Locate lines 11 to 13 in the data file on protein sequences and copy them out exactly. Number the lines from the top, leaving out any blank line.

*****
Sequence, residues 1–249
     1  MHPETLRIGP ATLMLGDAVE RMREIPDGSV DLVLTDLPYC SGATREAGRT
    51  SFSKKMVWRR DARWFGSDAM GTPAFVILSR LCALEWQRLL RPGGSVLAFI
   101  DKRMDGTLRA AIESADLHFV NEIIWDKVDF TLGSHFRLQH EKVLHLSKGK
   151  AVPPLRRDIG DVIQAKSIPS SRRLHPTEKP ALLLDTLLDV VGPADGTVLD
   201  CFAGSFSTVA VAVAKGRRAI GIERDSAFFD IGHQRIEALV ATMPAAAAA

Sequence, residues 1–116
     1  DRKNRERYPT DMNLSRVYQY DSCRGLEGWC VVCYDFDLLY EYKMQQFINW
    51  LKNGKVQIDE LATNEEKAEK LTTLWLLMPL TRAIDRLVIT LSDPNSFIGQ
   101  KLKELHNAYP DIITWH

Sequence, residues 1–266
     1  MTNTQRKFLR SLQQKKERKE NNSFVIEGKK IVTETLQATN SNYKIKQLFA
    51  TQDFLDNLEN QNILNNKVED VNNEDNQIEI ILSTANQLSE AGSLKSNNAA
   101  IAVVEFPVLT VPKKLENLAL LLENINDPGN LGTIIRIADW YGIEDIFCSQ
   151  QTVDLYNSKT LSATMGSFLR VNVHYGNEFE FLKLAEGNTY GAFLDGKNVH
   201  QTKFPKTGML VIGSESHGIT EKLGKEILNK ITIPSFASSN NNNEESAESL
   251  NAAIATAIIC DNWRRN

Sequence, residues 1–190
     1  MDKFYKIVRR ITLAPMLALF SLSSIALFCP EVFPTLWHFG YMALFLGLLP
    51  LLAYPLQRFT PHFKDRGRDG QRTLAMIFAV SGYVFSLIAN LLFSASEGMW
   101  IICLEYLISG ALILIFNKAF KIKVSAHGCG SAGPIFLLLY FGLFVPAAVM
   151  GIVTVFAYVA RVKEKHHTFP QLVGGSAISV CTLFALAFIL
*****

Sequence, residues 1–266
     1  MTNTQRKFLR SLQQKKERKE NNSFVIEGKK IVTETLQATN SNYKIKQLFA
    51  TQDFLDNLEN QNILNNKVED VNNEDNQIEI ILSTANQLSE AGSLKSNNAA